Need Help With A Criminal Matter?
Call 1300 168 676 or email us now

Value of rehabilitation at sentence

Author icon

Written by

Tag icon

Published under Major Cases, News

Clock icon

August 25, 2016

Comments icon

No comments

A recent Court of Criminal Appeal decision in NSW reinforces yet again the value of rehabilitation in keeping people out of prison. Successful rehabilitation was considered so important in this case that the appeal court decided not to send a man to prison, even though it had found that his offending warranted it – and that a District Court judge had been wrong not to imprison him. “The sentence imposed by her Honour [in the District Court] was manifestly inadequate and a sentence of imprisonment should have been imposed,” the three-member […]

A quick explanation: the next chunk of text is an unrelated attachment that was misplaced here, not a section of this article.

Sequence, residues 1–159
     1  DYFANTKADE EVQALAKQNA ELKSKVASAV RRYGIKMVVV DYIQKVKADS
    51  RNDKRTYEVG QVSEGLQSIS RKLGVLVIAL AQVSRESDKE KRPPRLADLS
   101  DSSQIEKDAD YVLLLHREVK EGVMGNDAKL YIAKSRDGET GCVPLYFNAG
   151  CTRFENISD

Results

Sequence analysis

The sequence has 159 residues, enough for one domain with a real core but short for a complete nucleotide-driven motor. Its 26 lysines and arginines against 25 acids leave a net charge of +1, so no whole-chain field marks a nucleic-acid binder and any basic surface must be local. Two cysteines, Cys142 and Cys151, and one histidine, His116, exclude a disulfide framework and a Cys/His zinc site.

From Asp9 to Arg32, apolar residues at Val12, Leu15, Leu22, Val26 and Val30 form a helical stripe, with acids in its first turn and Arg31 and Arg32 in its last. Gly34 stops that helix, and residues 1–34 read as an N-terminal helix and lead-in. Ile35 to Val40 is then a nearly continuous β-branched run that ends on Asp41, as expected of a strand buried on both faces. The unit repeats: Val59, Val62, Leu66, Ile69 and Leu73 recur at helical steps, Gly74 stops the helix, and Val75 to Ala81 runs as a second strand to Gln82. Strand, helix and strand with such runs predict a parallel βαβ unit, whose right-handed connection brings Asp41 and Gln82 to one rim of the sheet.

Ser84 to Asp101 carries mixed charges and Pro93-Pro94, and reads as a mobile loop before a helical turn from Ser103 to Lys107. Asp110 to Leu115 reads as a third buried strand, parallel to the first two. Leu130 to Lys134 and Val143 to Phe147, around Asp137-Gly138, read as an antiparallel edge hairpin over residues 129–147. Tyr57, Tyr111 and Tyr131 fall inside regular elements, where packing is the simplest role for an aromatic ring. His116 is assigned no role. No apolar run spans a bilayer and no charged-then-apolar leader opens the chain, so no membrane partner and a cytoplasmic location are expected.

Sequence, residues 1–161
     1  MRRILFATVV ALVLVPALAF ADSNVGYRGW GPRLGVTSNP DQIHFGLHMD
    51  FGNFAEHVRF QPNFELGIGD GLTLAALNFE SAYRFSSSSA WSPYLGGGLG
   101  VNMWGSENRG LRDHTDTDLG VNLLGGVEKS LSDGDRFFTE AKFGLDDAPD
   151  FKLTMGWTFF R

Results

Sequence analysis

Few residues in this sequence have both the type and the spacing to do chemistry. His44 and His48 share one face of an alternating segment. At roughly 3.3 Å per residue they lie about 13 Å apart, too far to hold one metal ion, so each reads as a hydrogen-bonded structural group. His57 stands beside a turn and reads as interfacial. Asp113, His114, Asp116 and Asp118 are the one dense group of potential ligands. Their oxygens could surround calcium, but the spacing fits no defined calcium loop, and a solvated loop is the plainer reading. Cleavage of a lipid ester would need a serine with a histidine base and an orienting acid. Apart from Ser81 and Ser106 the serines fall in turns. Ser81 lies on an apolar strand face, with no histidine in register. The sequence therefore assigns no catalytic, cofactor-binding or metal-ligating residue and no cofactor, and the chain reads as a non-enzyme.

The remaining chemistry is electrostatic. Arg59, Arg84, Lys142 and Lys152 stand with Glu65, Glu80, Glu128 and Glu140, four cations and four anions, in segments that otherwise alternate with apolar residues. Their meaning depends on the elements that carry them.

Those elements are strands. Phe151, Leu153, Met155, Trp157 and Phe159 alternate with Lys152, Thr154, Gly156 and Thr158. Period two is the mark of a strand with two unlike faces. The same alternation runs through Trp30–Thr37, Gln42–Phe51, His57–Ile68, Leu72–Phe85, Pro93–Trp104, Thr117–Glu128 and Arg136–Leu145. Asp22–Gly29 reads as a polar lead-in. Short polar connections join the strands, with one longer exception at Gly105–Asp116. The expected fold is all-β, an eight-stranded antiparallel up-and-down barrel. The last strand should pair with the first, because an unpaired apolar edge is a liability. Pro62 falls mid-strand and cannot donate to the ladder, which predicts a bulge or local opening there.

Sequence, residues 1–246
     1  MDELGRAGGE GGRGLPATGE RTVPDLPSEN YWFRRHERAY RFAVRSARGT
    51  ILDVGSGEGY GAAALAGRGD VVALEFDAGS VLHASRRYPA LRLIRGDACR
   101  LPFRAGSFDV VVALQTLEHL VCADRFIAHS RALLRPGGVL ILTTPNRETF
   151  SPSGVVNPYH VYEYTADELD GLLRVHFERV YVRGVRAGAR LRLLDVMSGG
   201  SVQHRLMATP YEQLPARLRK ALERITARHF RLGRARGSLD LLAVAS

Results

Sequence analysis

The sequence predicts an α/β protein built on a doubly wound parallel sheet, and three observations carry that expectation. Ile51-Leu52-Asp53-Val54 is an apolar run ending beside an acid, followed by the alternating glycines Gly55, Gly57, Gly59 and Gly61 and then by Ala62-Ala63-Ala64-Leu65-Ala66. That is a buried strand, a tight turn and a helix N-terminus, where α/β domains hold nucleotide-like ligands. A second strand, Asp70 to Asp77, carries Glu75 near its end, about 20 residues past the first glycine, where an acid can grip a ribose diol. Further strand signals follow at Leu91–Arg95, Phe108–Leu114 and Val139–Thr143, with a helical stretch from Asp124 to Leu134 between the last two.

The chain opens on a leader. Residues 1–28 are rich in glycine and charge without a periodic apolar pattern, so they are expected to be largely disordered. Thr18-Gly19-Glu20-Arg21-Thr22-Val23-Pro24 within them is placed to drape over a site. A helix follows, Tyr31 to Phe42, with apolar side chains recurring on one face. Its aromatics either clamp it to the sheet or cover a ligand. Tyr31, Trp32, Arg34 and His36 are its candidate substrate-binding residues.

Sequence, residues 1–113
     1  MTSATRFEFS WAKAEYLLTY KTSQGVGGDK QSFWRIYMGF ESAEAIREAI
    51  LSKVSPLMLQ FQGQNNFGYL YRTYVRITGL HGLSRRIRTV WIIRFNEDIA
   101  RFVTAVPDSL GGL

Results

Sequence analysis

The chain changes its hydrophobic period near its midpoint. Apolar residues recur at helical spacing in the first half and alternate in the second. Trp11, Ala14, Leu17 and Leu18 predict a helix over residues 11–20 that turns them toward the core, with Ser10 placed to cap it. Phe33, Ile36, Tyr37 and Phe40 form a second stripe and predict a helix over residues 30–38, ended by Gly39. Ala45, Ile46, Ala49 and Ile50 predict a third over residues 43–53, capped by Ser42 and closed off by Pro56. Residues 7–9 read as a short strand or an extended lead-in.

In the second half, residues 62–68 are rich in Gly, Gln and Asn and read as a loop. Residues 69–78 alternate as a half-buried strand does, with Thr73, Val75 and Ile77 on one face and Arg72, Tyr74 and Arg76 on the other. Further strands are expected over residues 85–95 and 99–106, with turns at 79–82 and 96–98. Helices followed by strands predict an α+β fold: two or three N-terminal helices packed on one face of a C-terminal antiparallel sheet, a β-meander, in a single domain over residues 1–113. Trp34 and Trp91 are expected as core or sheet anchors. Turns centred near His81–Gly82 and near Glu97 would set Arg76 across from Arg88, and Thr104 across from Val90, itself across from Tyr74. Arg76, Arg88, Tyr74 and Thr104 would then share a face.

Non-conviction disposals – a comparison between New South Wales and Queensland

Author icon

Written by

Tag icon

Published under Law Reform, News, Offences

Clock icon

August 16, 2016

Comments icon

No comments

In recent days, for reasons which are presently unclear, there has been some media attention given to the ability for courts in New South Wales to dispose of an offender without imposing a conviction against them. As the cynic might expect, this attention is not favourable and is accompanied by the shrill suggestion that there should be no way to avoid a conviction for contraventions of the law. A conviction is, in essence, a record against a person’s name that they have committed an offence against our law. In the ordinary […]


When is a gun not a gun?

Author icon

Written by

Tag icon

Published under Offences

Clock icon

August 12, 2016

Comments icon

No comments